Someone asked how do you find peer-reviewed articles that use simple statistical tests so your students can see the structure of papers that report on statistical analyses. I do this a lot for this blog and for lectures that I give, so I wrote up some suggestions.

Good question. I think it’s great to see how statistics appear “in the wild” and I try to liberally sprinkle my lectures and my blog entries with examples from actual journal articles.

First things first. If you want to use an article, you should try to use one published under an open source license. Those of us who use peer-reviewed articles in our blogs and in our classes have greatly benefited from the wide availability and liberal re-use requirements that open source journals provide. Two very big sites for open source journals are

Both sites have a robust search feature and it’s easy to find articles that use a particular kind of statistic. Hint: when looking for a term like ANOVA, use the advanced search feature that limits the search to papers where ANOVA appears in the abstract. That’s a pretty good way to assure that your statistical test will be prominent in the paper itself.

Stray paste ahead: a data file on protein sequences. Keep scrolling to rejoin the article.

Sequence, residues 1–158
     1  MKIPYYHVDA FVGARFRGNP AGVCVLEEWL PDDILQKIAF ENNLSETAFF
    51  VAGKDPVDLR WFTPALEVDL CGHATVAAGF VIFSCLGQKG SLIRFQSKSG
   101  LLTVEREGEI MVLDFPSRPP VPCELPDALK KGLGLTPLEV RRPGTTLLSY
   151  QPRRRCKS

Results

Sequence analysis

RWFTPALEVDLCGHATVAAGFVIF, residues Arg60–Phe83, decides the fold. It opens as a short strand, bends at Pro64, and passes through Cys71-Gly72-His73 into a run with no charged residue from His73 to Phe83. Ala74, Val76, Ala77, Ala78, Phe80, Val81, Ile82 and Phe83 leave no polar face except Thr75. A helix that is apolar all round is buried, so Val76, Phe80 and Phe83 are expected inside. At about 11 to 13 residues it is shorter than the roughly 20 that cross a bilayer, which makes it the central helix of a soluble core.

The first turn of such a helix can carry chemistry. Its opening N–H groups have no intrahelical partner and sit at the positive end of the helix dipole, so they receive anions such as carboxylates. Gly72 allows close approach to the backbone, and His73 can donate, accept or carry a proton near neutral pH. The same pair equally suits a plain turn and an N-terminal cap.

So here’s a paper that uses a three factor ANOVA, and here’s an article that uses a paired t-test

You’ll find hundreds of papers that use elementary statistics this way. The trick is finding a paper that does not require a lot of specialized scientific or medical knowledge. Sometimes you can get a hint just by looking at the title, but often you are forced to skim through the papers yourself to get a feel for the complexity of the topic.

I tend to stay away from genetics papers and immunology papers because I find they often are very technical and tough to read. Papers in Nursing journals, however, tend to be easier to follow because they usually talk about big things like patient care and not small things like biomolecular mechanisms. I also like papers that talk about the economic impact of medical interventions because everyone knows what money is.

This is a crude stereotype, however, and some nursing and economic impact papers are highly specialized and some genetics and immunology papers are accessible. I just have better luck with some topics than others.

You can find an earlier version of this page on my blog.